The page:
Get the kids outside!

There are few activities that foster the bond between parents and their children than participating in outdoor adventures, simply enjoying the woods together. The outdoors offers inclusive activities that allow both adults and kids to share equally in the experience.

Such activities require cooperation and trust between adults and kids while helping to instill traditional values, connectivity with nature and a healthy lifestyle.

A parent will discover more about their child in an hour of playing together than can be accomplished in a lifetime of conversation. Shared play is the most genuine act that children and adults can know.

It is a fact known throughout history. Herodotus, the Greek historian claimed that: "Man is most nearly himself when he achieves the seriousness of a child at play."

I'd like to see New York institute a statewide, school based initiative to promote youth participation in the outdoors. Although numerous public and private groups are currently working to get youth interested and involved in the outdoors; the state Department of Environmental Conservation (DEC) and the Office of Parks, Recreation and Historic Preservation should be charged with the responsibility for developing a comprehensive educational/recreational program for the schools. Such a program could be be offered as a component of physical education or wellness.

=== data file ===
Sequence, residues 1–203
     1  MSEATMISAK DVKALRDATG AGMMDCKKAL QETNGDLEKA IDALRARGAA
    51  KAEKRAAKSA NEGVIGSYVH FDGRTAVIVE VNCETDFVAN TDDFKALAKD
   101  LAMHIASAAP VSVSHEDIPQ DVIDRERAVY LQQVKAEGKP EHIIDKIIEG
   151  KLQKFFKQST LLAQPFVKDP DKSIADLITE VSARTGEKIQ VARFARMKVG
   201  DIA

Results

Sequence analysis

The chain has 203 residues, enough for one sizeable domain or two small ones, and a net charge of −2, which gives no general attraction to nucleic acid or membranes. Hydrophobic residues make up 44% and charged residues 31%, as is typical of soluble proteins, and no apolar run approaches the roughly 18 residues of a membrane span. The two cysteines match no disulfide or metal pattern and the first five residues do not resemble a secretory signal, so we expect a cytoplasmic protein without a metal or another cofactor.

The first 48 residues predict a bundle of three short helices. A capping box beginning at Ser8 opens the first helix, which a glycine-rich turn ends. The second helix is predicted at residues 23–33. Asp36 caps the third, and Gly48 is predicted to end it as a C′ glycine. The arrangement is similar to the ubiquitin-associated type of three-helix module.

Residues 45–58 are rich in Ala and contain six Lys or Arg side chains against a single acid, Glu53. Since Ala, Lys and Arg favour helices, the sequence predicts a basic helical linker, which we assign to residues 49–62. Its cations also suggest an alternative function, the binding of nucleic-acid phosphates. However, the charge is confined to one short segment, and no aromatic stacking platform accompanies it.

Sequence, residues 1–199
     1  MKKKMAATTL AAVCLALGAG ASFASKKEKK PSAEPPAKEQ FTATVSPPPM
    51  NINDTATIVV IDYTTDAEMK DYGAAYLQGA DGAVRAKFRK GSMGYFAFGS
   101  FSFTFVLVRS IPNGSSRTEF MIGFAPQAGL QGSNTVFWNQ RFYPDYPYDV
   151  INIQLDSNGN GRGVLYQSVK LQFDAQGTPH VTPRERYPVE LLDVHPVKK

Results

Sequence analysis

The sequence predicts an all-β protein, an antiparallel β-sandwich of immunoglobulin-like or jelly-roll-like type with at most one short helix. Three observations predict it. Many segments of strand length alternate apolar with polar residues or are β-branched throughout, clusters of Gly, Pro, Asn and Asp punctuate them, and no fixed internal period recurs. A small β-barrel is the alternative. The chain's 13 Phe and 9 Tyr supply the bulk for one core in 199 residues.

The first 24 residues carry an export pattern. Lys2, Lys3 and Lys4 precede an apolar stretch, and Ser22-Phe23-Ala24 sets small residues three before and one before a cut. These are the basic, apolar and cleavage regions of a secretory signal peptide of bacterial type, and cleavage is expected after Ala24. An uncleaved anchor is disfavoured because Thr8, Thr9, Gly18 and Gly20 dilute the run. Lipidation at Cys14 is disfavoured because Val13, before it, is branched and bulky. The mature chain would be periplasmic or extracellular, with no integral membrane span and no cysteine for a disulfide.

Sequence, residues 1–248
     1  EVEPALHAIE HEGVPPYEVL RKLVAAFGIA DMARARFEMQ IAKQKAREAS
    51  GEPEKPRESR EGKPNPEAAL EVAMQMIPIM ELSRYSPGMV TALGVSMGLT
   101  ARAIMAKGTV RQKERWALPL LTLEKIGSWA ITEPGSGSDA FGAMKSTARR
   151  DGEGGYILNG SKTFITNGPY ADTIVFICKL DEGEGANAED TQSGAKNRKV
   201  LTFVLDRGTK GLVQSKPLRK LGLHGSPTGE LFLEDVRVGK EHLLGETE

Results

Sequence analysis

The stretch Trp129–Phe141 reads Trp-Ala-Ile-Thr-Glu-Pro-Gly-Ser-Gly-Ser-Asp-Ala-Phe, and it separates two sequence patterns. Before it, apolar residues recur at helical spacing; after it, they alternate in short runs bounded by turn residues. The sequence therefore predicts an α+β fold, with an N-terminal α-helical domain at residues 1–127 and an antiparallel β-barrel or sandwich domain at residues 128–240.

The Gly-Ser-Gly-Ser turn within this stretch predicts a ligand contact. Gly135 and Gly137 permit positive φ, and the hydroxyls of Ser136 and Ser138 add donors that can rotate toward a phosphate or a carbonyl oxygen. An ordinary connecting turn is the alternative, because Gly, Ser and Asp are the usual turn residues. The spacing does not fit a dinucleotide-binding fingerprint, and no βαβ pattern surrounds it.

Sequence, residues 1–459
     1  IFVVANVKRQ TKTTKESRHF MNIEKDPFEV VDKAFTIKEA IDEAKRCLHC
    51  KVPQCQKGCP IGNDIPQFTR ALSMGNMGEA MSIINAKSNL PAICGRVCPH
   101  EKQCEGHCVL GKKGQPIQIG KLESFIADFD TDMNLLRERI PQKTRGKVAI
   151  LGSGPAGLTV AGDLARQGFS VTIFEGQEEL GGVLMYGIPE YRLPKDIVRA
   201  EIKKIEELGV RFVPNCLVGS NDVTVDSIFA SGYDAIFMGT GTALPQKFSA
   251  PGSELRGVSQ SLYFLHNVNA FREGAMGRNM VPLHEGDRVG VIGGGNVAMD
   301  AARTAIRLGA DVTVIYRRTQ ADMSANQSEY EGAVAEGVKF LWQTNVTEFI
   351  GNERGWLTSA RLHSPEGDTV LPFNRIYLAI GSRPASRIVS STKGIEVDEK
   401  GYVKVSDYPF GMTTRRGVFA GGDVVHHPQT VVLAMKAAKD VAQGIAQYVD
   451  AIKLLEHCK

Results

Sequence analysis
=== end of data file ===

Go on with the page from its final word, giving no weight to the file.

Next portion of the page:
Increasing youth participation in outdoors is one of the major issues facing the recreation industry today. If young people are not introduced to these opportunities at an early age, they will engage in other hobbies and interests. Remember, it's human nature to follow the path of least resistance.

The necessity of fostering the next generation of hunters, anglers, hikers, bikers, climbers, skiers and paddlers is one of the most pressing needs of the current conservation community. Today's children will be tomorrow's policy makers. They will be making the decisions about the utilization and protection of our shared natural resources.

In order to insure the viability of these lands and waters in the future, we must make efforts in the current day.

Joe Hackett is a guide and sportsman residing in Ray Brook. Contact him at brookside18@adelphia.net

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